iled under the "Neat Little Widgets" category you'll find SysBar, a handy quadruplet of utilities that'll make managing and monitoring your system just a little bit nicer. Packaged as a suite, you'll find a task-switcher, clock, CD player and something called a Pipe Monitor (which I'll explain later). The best feature of all these utilities is that they're all stuffed into tiny little strips, no thicker than the Warp Center, which you can dock to any side of the screen for maximum space efficiency.
The SysBar/2 task-switcher comes close to the embodiment of the perfect task-switching utility. It can be set to orient itself either horizontally or vertically, growing and shrinking itself as tasks are started and stopped. What I found most useful about it is its filtering capability; to save clutter you can filter any task out of the icon display, such as the programs you run automatically from the Startup Folder. You can also filter by specifying the programs it should only show.
SysBar/2's clock has a very compact digital display that's remarkably similar to the "SCUSEPRETTYCLOCK" version of the one in the WarpCenter. The difference is that SysBar/2 uses an 'LCD' style font and manages to squeeze the date in the corner too. Time is displayable in either 12 or 24 hour modes. (I do wish it had an alarm of some kind though.)
The CD player is a real gem. Like all of the other utilities it's small and can squeeze into a tiny corner of your Desktop, anchoring itself there if need be. It doesn't have half the features of most players -- just the basics -- but it's the convenience of having something so ridiculously compact that made it win out over all the other CD players I've tried before. With its ability to pop up and disappear as the mouse waves over its screen-space I can have all the CD controls I need, instantly without sacrificing a pixel of screen real estate.
Feedback on time and tracks can be toggled easily through various states too. You can set it to show time passed per track, for the whole CD, or countdown to the end of track or CD. Four configurations in all!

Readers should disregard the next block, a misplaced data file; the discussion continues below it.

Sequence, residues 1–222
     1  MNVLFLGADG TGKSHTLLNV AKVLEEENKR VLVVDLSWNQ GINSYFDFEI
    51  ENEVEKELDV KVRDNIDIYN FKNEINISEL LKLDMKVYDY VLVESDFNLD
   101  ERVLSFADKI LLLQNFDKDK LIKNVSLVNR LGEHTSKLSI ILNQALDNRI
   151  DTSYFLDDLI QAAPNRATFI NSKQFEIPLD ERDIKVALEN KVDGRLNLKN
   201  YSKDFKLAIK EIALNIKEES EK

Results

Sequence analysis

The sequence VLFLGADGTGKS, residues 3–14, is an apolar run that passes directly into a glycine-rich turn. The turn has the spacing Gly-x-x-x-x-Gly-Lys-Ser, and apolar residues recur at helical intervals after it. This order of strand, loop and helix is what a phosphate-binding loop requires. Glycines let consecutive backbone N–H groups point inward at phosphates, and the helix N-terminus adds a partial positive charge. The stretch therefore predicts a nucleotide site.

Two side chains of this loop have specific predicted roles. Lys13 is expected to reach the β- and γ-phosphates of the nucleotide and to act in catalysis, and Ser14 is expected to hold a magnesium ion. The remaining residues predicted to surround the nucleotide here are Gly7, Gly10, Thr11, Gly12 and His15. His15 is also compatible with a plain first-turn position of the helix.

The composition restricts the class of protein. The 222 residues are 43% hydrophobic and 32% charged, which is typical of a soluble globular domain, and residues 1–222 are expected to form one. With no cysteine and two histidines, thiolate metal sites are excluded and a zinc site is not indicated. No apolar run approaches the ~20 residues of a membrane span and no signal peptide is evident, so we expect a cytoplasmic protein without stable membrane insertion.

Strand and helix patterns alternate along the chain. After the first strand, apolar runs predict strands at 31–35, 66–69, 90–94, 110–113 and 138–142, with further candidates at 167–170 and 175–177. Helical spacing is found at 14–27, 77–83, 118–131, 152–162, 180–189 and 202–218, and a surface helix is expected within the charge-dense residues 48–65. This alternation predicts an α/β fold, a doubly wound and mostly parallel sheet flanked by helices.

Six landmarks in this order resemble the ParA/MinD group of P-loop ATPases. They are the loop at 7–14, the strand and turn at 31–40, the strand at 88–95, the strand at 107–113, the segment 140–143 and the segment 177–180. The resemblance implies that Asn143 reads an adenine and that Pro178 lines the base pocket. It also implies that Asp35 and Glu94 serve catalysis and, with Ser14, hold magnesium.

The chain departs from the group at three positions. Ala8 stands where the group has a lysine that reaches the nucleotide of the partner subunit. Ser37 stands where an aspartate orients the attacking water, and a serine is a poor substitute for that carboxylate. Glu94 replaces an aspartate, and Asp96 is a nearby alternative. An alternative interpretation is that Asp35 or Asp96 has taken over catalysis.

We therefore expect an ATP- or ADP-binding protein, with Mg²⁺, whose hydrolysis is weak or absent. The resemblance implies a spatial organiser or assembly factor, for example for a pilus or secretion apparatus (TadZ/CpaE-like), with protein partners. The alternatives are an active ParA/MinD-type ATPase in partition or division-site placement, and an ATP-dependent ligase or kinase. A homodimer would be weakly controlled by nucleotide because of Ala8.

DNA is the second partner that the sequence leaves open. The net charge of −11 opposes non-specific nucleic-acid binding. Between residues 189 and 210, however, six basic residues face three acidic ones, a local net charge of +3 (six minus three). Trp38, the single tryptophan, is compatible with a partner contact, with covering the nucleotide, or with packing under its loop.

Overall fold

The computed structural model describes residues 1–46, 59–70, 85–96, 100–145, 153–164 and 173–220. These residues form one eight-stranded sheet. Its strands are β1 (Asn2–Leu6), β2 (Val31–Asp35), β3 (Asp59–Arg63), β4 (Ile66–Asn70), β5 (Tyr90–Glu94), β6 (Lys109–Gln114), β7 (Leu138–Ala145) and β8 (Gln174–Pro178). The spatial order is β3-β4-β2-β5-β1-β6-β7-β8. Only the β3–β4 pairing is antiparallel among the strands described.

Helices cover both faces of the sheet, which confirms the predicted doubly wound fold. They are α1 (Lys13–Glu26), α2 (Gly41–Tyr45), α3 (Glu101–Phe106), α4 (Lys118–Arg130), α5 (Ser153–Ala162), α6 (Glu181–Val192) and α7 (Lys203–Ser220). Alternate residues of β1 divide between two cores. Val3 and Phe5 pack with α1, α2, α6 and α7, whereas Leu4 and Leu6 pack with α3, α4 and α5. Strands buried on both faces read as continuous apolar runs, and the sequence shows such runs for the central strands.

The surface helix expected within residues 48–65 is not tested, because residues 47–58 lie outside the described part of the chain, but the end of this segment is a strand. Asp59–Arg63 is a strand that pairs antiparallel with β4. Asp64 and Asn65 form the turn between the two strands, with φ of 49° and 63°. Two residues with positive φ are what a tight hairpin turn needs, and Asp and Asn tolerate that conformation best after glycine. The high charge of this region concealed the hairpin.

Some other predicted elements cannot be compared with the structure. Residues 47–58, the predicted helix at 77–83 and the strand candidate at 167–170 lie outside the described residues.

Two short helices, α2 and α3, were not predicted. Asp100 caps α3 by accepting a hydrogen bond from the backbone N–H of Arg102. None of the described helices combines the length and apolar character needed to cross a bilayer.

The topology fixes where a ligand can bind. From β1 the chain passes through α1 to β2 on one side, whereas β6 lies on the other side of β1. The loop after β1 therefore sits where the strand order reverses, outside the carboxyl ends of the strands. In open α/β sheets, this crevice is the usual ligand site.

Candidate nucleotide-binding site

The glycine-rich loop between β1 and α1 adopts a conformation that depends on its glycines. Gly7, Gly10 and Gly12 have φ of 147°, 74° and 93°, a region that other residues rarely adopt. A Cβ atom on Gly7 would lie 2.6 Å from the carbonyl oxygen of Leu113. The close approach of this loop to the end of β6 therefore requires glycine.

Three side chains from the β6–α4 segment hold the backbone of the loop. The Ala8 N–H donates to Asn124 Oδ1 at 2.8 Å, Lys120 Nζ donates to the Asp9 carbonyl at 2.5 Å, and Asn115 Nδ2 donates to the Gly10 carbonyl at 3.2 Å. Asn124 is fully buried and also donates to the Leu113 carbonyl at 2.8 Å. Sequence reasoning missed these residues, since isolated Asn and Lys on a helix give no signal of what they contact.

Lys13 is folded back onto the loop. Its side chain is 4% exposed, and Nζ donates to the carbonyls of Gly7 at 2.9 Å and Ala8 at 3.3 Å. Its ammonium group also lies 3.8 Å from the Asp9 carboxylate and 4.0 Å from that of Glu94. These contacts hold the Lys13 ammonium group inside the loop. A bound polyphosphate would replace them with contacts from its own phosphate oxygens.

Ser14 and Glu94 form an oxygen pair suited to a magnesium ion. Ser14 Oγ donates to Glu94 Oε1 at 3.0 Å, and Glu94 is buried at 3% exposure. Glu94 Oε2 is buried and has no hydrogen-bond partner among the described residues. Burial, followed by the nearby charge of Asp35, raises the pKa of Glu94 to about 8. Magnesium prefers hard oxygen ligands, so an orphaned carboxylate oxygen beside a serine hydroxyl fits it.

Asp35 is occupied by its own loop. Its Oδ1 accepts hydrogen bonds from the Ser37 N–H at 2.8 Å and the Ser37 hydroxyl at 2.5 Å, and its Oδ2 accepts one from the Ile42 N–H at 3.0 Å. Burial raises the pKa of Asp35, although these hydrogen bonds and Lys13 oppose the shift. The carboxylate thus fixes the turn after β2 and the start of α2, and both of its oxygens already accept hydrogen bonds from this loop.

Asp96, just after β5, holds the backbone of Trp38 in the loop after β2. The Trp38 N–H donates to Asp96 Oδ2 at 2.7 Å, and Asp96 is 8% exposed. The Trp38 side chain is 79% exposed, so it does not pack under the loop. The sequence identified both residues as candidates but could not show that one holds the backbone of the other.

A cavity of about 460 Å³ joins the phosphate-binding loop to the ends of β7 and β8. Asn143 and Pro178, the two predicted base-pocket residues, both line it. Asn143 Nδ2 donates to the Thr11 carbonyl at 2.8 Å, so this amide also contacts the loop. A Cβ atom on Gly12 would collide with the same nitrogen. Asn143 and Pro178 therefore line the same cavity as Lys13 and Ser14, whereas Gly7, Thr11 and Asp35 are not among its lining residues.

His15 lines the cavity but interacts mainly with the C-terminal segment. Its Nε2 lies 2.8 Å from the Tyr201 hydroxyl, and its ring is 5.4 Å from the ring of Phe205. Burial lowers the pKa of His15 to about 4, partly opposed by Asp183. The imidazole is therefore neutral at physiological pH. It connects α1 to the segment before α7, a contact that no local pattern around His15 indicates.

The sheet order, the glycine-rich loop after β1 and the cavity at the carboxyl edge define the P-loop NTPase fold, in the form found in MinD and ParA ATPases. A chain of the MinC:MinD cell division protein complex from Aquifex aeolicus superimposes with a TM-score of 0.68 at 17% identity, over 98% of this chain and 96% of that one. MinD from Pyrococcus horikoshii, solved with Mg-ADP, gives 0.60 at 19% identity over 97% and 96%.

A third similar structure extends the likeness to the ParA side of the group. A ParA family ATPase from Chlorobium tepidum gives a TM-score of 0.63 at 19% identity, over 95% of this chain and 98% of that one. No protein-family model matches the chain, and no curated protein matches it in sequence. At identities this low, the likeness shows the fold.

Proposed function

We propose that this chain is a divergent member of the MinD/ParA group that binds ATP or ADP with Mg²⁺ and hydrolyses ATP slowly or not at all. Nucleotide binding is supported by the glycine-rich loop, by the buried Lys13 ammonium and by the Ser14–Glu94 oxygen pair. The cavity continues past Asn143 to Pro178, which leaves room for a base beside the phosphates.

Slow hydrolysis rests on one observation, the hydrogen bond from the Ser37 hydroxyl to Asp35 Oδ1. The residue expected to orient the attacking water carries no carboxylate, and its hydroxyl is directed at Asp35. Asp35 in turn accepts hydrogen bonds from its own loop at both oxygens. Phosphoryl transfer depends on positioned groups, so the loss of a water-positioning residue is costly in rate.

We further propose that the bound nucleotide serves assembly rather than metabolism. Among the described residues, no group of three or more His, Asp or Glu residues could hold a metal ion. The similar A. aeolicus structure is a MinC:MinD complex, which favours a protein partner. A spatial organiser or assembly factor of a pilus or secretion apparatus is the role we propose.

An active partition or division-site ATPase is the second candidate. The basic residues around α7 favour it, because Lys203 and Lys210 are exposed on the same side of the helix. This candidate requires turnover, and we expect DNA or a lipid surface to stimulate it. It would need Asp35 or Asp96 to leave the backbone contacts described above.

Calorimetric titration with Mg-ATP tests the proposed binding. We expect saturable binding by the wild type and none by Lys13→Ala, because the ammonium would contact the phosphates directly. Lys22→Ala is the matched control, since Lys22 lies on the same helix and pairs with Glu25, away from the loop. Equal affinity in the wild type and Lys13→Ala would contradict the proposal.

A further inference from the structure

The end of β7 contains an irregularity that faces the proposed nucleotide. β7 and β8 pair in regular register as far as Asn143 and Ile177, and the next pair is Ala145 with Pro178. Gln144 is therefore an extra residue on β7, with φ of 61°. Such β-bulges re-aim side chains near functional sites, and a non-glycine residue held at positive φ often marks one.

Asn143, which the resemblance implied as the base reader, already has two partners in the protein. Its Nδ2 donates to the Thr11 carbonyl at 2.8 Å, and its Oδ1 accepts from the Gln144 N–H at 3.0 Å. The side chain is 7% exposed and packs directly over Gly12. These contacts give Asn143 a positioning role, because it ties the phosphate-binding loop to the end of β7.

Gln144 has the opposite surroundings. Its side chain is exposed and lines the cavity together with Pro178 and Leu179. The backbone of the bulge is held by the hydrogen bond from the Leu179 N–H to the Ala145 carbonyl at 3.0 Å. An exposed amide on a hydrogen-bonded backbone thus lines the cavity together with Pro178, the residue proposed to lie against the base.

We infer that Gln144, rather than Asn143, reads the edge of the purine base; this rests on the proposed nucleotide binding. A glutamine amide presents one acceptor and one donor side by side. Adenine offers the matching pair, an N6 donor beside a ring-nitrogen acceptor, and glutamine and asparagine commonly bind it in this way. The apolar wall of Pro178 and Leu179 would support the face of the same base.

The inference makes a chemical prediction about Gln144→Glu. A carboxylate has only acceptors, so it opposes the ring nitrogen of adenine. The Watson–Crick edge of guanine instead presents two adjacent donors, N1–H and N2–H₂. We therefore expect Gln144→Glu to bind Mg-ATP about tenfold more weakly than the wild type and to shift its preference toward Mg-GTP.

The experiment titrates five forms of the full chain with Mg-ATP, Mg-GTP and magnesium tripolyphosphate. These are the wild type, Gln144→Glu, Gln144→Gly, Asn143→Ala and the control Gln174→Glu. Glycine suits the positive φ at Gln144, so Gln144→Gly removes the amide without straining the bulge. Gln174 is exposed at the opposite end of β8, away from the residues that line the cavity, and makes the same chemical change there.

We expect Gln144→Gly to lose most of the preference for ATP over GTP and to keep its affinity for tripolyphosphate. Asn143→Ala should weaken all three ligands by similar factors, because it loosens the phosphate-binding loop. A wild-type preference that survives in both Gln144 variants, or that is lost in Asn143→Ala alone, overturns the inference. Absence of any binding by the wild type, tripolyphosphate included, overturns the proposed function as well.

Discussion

But here's the most curious gadget of the set: the Pipe Monitor. What it does is set itself up to listen to named pipes on your system, any named pipe you want. A named pipe is pretty much as the name implies, it's a pipe with a unique name which data can be fed through. An example would be "\pipe\mail" -- something to which the current count of e-mail messages waiting in your inbox could be written to. Named pipes can be created and written to remarkably easy.is an example of something you could type at the command line to send the message "Hello mom!" to the pipe "\pipe\greeting" (which is created the instant you press the Enter key.)
Now, with Pipe Monitor, you can display that greeting in its own separate cell on the screen, configured to appear in a unique color to make it easy to identify. SysBar/2 comes with a sample Rexx script which will feed the current SWAPPER.DAT size, hard drive free space, and the remaining mail in your PMMail inbox to the Pipe Monitor through a set of named pipes. The script can be very easily modified to work with software other than PMMail, or to pipe almost any kind of feedback you can think of.
SysBar/2 is a charming little package that's worth trying. The most appealing feature of the whole set is that you need only run what you find useful, since it is freeware and modular. With that being said, I'd actually like to see a version that integrated all four applets, along with a program launcher, into a single bar that could replace the WarpCenter! Meanwhile, the existing SysBar/2 utilities are thin enough to live happily over your existing WarpCenter. Bugs are few and far between and I doubt anyone will have a serious problem with its miniscule RAM footprint. Definitely a great utility!
Chris Wenham is a freelance web designer, writer and Englishman who now lives in Endicott, NY. In the past he has written comedy, sci-fi, Pascal, Rexx, HTML and Gibberish. He has been using OS/2 exclusively for the past 2 years.
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